Although the prospects of 5G are currently unknown, the roadmap of evolution will remain unchanged. This is because with mobile communication networks being revamped, they not only have to provide smartphone-related services but also be able to support the realization of a smart society. Companies should consider using 5G in their DX initiatives while focusing on the use of non-networking areas such as platform technologies, including artificial intelligence and data that can be acquired from 5G.

Outlook of information banks and credit scoring businesses: Makoto Shirota, Digital Platform Development Department

Information banks mediate between individuals and businesses for transactions relating to personal data

An information bank is a mechanism that allows consumers to receive some compensation in return for providing data such as their behavior and purchase history to companies. The vast amount of personal data collected through the internet by major U.S. IT companies, represented by GAFA, has been used for advertising and sales to generate enormous revenues. However, as Japanese companies have not made much progress in their use of data, the government has been leading and actively working on this mechanism. After completing the experimental phase in 2018, the information banks are expected to be fully implemented post-2019.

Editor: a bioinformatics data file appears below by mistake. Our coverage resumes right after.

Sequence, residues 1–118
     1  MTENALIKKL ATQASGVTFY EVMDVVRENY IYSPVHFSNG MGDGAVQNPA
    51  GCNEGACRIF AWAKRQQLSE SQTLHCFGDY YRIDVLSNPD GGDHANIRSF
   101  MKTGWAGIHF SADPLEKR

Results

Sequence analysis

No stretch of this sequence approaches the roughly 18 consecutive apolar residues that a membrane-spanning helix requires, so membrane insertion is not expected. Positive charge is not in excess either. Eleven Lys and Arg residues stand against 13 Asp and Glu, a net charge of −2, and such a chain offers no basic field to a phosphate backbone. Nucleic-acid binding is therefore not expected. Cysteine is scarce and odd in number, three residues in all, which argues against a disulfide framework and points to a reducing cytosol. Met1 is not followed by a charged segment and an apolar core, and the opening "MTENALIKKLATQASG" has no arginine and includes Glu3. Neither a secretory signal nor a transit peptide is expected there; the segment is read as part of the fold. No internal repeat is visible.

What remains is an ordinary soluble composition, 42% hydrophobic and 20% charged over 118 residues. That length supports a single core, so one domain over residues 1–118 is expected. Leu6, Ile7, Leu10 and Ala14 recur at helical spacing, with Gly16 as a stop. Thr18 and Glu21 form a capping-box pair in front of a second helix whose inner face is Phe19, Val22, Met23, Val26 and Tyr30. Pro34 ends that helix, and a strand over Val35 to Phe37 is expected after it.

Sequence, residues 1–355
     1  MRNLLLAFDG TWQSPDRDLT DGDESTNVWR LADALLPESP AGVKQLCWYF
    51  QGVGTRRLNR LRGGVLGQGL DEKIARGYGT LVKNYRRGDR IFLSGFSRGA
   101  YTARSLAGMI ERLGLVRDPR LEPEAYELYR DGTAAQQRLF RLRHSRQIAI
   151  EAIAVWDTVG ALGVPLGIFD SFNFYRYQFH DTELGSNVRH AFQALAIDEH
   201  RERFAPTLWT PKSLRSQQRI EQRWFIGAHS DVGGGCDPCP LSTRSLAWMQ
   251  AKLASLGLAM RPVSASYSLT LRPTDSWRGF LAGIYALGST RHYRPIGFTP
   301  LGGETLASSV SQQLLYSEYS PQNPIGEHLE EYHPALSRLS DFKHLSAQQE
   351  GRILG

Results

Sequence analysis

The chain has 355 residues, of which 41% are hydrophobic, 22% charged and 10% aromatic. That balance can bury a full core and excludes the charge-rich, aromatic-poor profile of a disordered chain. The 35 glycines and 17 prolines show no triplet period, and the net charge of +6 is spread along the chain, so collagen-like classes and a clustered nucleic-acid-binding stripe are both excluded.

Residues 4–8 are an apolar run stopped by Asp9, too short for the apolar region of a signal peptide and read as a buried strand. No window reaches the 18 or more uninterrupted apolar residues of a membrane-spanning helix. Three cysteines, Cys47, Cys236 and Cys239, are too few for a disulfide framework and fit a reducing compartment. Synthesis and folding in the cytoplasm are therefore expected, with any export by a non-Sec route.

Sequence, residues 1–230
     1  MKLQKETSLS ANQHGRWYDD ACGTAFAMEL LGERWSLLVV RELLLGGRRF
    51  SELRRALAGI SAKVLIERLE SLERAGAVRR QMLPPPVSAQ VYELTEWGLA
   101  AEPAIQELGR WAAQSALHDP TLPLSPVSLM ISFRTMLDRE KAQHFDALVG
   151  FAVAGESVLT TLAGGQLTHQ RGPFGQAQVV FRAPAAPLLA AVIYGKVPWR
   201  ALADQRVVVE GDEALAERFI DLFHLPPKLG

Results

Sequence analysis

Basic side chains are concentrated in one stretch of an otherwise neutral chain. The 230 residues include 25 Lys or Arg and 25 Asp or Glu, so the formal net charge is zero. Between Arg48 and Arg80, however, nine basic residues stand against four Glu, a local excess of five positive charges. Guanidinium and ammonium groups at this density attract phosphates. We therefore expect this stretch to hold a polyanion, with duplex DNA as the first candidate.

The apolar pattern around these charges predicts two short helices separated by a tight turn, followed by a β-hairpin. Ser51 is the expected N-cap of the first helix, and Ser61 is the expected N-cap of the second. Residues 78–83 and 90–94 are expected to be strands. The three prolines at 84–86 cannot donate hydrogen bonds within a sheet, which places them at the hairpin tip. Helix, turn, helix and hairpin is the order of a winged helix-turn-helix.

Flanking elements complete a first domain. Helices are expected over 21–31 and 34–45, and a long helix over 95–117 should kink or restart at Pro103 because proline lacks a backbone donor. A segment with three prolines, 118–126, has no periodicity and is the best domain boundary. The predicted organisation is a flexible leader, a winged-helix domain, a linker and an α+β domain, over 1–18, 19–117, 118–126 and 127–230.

The Mitsubishi UFJ Trust and Banking Corporation's "DPRIME" (tentative name) is one of the banks aiming to launch services in the middle of FY 2019-20. DPRIME has partnered with several startup companies and plans to provide services that utilize a variety of consumer personal data such as assets, activity history, or steps walked.
The challenges in promoting information banks include determining a way to acquire consumers’ consent and setting compensation in line with the value of the data. Next, it is important to secure the routes for purchasing and selling data, i.e., how much data can be collected from consumers and whether to involve sponsor companies that purchase the data. Further, it also requires the implementation of an easy-to-use data control function.